The use of torture to extract information from terrorist detainees continues to reverberate. But this time it is not the Bush Administration which is under fire but the American Psychological Association (APA). A searing report on collusion between the heads of the APA and the government has led to a crisis. This year’s APA conference in Toronto, which begins tomorrow, will be a fiery one.

The report, written by an independent consultant,  attorney David Hoffman, was scathing about the twisted ethics at the highest level of the organisation. Now the APA is busy apologising and reorganising itself.  

Dr. Nadine Kaslow, last year’s APA president responded to the report, expressing deep shame over “this bleak chapter in our history”.

“The organization’s intent was not to enable abusive interrogation techniques or contribute to violations of human rights, but that may have been the result. The actions, policies and the lack of independence from government influence described in the Hoffman report represented a failure to live up to our core values. We profoundly regret, and apologize for, the behavior and the consequences that ensued.”

The abuse meted out to Guantanamo detainees has been well documented. It included stress positions, sleep deprivation, threats, playing on phobias, degradation and waterboarding.

These were hard to sell, even in within the Defense Department and the CIA, so the presence of professional psychologists was essential. They reassured the military and legal teams that they could describe “enhanced interrogation” techniques as safe, effective, and legal. And above all, ethical.

In 2005 the president of the APA created a committee called the Presidential Task Force on Ethics and National Security. In short order it drafted a report with 12 ethical guidelines which were adopted as official ethics policy by the APA Board. Unhappily, these guidelines had been deliberately crafted to ensure that psychologists could continue to cooperate with “enhanced interrogation”.

The Hoffman report concluded that the principal motive for this was nakedly political: “to align APA and curry favor with DoD”. It was bending to pressure applied by military officials in the heated atmosphere after 9/11. And it found two other important reasons as well: “to create a good public-relations response, and to keep the growth of psychology unrestrained in this area.”

What concerns the APA rank and file at the moment is that the people responsible for working hand in glove with the government were not “rogue officials”, but psychologists at the top of the APA. The leading figure was the APA’s ethics director, Stephen Behnke. Others involved included the president, the president-elect, the CEO, deputy CEO, general counsel and the communications director.

“Rather than uphold the principle of ‘do no harm,’ APA leadership subverted its own ethics policies and sabotaged all efforts at enforcement,” said Donna McKay, executive director of Physicians for Human Rights, a persistent critic of the APA’s policy.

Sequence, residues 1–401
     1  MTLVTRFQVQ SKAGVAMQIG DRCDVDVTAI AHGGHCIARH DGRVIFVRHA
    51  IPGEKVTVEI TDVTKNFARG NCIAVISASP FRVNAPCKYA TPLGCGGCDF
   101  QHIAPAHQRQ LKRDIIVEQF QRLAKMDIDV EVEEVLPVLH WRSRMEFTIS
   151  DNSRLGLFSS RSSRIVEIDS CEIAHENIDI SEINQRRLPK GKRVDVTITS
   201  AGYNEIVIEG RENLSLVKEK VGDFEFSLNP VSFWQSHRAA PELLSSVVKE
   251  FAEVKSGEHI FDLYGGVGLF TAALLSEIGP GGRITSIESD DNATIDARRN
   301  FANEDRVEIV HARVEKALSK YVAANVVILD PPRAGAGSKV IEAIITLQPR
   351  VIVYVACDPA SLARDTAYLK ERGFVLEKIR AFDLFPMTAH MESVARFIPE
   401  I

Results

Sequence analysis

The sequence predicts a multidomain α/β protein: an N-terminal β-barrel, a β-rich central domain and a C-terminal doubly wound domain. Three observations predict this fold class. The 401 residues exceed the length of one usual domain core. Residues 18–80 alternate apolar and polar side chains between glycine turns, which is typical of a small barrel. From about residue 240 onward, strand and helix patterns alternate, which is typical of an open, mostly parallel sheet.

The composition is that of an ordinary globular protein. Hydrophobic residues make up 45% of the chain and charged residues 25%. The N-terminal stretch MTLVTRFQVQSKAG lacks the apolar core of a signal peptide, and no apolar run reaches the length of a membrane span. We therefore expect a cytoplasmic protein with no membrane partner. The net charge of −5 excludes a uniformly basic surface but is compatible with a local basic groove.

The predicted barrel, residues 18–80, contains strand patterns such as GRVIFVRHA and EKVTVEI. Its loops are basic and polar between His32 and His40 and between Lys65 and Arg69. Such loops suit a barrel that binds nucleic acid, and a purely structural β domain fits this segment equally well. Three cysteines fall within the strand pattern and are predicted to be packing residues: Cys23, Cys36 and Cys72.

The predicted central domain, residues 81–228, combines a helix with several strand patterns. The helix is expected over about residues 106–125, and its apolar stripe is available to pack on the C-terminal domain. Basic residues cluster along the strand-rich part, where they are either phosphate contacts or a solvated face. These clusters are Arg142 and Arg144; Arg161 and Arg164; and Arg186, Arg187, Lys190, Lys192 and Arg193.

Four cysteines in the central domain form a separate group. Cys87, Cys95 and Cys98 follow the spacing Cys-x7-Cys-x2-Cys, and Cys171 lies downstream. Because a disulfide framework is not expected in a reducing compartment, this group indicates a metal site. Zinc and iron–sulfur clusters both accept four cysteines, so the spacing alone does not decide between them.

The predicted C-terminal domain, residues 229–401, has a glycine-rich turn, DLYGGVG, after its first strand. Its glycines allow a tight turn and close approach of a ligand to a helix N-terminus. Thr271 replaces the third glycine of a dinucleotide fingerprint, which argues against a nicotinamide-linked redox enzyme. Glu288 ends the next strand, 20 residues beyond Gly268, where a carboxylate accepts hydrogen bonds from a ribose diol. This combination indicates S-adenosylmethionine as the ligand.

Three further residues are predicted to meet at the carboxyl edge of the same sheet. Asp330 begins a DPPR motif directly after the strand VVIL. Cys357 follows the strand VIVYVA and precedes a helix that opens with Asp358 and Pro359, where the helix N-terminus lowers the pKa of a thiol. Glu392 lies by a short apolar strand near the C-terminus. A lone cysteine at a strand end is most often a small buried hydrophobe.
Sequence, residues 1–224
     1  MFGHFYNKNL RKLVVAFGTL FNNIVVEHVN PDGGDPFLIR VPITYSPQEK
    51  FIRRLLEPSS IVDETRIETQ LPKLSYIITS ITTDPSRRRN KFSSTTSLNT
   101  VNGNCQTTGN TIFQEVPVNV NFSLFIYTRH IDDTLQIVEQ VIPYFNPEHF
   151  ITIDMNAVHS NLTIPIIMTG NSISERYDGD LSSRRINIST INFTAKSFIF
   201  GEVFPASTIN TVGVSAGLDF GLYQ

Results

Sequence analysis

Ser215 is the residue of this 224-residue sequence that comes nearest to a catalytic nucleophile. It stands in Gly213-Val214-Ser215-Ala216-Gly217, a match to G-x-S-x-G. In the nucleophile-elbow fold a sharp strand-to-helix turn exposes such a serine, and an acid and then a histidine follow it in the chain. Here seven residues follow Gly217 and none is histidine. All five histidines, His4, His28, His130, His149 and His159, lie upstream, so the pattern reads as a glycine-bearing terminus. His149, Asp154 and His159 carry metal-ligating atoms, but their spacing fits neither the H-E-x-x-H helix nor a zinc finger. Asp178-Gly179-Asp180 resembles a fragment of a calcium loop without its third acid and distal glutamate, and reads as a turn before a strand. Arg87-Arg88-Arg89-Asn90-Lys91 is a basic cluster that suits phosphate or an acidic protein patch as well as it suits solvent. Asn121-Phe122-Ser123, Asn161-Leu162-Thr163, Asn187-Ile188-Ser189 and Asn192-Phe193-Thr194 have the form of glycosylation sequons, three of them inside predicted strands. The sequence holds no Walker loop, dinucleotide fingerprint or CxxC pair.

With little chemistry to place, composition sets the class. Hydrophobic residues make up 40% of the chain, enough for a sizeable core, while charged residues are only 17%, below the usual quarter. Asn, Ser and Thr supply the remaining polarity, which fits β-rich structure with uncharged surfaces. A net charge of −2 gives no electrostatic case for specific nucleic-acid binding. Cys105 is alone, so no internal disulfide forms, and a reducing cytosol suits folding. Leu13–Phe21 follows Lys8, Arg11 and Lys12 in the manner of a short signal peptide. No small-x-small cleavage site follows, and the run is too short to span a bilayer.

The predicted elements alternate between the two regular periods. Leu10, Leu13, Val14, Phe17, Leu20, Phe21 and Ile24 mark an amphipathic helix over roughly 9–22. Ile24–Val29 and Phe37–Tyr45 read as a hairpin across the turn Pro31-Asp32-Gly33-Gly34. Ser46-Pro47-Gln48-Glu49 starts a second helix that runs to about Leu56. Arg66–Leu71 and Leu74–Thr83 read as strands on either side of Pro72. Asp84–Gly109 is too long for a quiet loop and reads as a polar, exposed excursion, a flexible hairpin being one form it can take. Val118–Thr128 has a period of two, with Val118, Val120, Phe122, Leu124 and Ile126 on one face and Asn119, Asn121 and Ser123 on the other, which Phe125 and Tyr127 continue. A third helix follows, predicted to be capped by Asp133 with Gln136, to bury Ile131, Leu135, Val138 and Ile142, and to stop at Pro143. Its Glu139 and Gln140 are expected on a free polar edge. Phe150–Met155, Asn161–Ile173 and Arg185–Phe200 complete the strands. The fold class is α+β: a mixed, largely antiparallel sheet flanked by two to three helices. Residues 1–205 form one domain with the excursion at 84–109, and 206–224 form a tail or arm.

It also appears that APA officials may even have engaged in criminal behaviour by:   

  • Colluding with the US Department of Defense, the CIA, and other elements of the Bush administration to enable psychologists to design, implement, and defend the post-9/11 torture program;
  • Allowing military and intelligence personnel to write APA ethics policies regulating their own conduct to ensure they were “covered” for their roles in the torture program;
  • Engaging in a coordinated campaign to cover up the collusion and blocking attempts to oppose these policies within the APA; and
  • Obstructing and manipulating ethics investigations into psychologists involved in the torture program.

“As mental health professionals, our first obligation must be to our patients,” said Dr Kerry Sulkowicz, a psychiatrist with the Physicans for Human Rights. “The APA’s collusion with the government’s national security apparatus is one of the greatest scandals in US medical history. Immediate action must be taken to restore health professional ethics and to ensure this never happens again.” 

Amen to that.

There is another lesson to be learned from this scandalous episode which was over looked by all the media. If the leadership of the APA was suborned by a desire to “curry favour” with government in 2005 when it changed its ethical standards, does this happen in other areas? Was it currying favour with the homosexual lobby and same-sex marriage lobby when it endorsed a policy on sexual orientation and marriage in 2004?  

Perhaps not. But after its shameful role in a dark episode of American history, a cloud will remain floating over the APA and policies set down by professional organisations. Just like other institutions, they can be hijacked by weak, biased and unscrupulous executives. 

Michael Cook is editor of MercatorNet.

Michael Cook

Michael Cook is the editor of MercatorNet. He lives in Sydney, Australia.